Community annotation of
The complete genome sequence of the cyanobacterium Synechocystis sp. PCC 6803 was determined in 1996 by the Kazusa DNA Research Institute. It was the first genome completely sequenced in Japan and fourth in the world following the three genomes (Haemophilus influenzae, Mycoplasma genitalium, and Methanococcus jannaschii) sequenced by TIGR. In comparison to other bacterial species, such as Escherichia coli and Bacillus subtilis, the Synechocystis genome contained a larger proportion of unknown genes, because cyanobacteria and their genes had not been well studied despite their importance in the evolution of life and the maintenance of biosphere. Thus, the availability of the genome sequence and a complete set of genes was a great boon to cyanobacteriologists, accelerating their research and resulting in a number of publications.
In 1999 Japanese cyanobacteriologists became accessible to the emerging technology of DNA microarrays thanks to the Genome Frontier Project supported by the then Science and Technology Agency (now part of the Ministry of Education, Culture, Sports, Science and Technology). The Cyanobacteria DNA Chip Consortium was formed by Satoshi Tabata (Kazusa), Norio Murata (Okazaki), and Minoru Kanehisa (Kyoto) for the analysis of gene expression profiles using Synechocystis DNA microarrays. The Consortium of about 25 members was instrumental in promoting collaborations between wet-lab biologists and bioinformaticians. The availability of DNA microarrays again greatly accelerated research on cyanobacteria.
However, accelerated research poses a database problem. When new gene functions are identified, the published result is stored in PubMed, but not in any sequence database. The lack of an up-to-date, well-annotated database is not limited to Synechocystis; it is a problem for the majority of the prokaryotic genomes thus far sequenced. The primary repositories of GenBank, EMBL, and DDBJ are not well maintained bacause the genome entries can only be updated by the sequencing teams who submitted the original data, but usually they are too busy doing next genomes. The providers of annotated databases such as SWISS-PROT and KEGG are simply unable to keep up with the rapidly increasing amount of data.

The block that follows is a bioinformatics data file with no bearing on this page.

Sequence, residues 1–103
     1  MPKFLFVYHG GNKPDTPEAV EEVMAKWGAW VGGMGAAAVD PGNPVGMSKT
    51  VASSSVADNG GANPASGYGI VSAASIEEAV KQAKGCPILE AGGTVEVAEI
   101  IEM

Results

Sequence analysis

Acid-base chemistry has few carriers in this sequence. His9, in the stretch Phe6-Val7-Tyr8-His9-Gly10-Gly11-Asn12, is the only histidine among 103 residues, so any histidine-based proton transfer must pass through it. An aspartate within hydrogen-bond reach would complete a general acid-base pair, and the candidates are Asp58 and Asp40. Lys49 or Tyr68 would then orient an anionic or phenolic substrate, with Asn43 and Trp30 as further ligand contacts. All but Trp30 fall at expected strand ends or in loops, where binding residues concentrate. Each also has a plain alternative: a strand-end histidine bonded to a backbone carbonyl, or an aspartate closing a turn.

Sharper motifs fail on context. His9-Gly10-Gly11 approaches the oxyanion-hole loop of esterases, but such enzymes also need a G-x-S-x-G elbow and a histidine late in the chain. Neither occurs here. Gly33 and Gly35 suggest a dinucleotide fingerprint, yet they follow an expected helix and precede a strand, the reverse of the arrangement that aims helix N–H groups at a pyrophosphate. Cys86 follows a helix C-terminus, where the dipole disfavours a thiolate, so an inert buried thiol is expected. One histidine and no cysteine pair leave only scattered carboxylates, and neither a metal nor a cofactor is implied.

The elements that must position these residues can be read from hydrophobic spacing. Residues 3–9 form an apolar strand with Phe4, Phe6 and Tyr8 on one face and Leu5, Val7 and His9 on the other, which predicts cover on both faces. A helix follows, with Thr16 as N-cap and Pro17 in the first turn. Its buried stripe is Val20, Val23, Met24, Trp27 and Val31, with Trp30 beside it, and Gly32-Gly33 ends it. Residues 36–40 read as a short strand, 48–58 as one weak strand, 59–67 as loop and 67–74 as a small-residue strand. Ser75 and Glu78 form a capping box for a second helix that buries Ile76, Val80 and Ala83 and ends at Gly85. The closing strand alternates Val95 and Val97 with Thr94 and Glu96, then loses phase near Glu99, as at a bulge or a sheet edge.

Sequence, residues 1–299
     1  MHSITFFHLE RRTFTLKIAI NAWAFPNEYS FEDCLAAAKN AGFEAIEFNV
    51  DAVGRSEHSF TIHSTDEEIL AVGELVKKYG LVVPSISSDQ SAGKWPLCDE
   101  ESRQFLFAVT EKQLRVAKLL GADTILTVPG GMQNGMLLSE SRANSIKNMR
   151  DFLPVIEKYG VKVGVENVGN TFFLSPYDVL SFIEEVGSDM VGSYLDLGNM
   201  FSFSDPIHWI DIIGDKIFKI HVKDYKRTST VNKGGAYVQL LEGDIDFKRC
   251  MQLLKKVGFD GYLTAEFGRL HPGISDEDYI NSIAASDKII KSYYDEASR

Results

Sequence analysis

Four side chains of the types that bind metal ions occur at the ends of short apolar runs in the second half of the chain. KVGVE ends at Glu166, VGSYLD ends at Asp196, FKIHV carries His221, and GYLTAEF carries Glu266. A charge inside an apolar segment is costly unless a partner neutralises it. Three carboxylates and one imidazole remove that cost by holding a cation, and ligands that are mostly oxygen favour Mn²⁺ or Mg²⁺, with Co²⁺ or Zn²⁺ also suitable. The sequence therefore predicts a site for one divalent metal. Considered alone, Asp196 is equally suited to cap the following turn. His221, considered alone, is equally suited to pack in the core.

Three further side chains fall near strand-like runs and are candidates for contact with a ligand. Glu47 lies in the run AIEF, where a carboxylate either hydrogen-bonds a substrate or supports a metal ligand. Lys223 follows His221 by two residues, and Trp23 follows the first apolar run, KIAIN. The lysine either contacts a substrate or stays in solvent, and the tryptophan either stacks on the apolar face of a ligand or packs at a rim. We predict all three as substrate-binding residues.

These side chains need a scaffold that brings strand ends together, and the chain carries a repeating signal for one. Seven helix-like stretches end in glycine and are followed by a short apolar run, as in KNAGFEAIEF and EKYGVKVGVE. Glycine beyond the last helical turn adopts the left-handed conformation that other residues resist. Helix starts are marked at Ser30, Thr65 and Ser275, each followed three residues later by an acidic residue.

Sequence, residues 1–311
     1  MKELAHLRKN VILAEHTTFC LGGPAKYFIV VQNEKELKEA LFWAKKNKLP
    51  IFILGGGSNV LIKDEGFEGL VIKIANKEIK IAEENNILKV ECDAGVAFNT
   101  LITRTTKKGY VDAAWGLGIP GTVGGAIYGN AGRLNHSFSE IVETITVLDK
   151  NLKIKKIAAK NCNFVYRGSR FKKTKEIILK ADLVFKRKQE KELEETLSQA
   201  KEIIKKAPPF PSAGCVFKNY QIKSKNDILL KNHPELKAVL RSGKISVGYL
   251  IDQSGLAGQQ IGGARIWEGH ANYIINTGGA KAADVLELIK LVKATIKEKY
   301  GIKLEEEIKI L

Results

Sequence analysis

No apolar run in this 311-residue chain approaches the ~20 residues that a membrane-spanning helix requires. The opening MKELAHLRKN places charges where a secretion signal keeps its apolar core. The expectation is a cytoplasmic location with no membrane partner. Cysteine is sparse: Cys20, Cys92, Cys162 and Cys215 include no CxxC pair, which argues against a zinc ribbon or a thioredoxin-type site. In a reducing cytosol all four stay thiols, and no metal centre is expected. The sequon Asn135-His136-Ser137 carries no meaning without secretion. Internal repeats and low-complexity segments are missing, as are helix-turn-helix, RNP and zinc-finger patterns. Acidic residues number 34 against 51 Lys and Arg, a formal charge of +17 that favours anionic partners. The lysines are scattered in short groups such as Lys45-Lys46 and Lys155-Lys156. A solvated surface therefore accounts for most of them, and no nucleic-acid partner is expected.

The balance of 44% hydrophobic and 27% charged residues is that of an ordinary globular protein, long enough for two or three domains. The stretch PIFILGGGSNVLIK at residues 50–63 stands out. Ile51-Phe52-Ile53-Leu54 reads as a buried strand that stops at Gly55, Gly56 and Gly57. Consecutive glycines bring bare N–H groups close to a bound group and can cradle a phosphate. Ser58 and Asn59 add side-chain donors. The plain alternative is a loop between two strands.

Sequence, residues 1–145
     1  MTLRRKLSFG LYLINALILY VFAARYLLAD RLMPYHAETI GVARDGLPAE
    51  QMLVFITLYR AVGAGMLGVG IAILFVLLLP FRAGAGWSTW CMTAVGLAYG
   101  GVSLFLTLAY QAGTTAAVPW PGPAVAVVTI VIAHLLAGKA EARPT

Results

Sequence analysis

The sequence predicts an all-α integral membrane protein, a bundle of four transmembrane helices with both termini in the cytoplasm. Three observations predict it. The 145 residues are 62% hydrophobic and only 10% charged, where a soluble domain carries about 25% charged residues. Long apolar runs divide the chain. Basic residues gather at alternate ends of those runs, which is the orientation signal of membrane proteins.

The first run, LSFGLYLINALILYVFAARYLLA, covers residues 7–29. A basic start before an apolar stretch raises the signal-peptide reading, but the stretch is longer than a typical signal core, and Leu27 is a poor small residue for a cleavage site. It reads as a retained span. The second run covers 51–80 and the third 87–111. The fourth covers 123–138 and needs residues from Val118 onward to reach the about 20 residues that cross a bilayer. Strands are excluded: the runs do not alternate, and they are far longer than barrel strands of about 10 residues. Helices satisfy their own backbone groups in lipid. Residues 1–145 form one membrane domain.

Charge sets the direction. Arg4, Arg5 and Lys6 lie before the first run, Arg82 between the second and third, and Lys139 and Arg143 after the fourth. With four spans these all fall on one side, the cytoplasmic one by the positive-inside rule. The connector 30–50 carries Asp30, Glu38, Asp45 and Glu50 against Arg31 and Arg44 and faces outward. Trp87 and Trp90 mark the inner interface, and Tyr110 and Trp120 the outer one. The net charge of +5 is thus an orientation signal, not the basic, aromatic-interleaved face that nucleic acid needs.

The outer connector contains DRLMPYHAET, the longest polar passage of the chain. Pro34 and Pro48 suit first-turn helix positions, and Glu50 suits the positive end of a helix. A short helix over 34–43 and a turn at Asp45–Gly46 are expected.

Perhaps, the only solution to the current database problem is to get the research community actively involved in the annotation process. The Bioinformatics Center of Kyoto University, the home of KEGG, developed a community database system named CYORF (formerly, SYORF). The members of the Cyanobacteria DNA Chip Consortium organized a netwrok of cyanobacteriologists who would be willing to do annotations. In the meantime, Kazusa provided an updated list of ORFs for the Synechocystis genome. The CYORF database release 1.0 is the product of the three-way collaboration among genome scientists at Kazusa, biologists in the DNA Chip Consortium, and bioinformaticians in Kyoto.
The first release of CYORF was made available by the Japanese community (*) reannotating about one thousand genes. However, we hope to maintain this community database as an infrastructure of research for the international community. We ask and welcome anyone interested to join the annotation of cyanobacterial genes, not just for Synechocystis but also for Anabaena and more. Please complete the registration form if you are interested in joining. Please also refer to the guidelines for the actual annotation works involved.
(*) Y. Fujita (Nagoya), Y. Hihara (Saitama), M. Ikeuchi (Tokyo), M. Ishiura (Nagoya), Y. Koike (Himeji), S. Maeda (Nagoya), K. Masamoto (Kumamoto), H. Nakamoto (Saitama), T. Ogawa (Nagoya), M. Ohmori (Tokyo), T. Omata (Nagoya), N. Sato (Saitama), M. Sugita (Nagoya), I. Suzuki (Okazaki), M. Tamoi (Kinki), A. Tanaka (Hokkaido), K. Tanaka (Tokyo)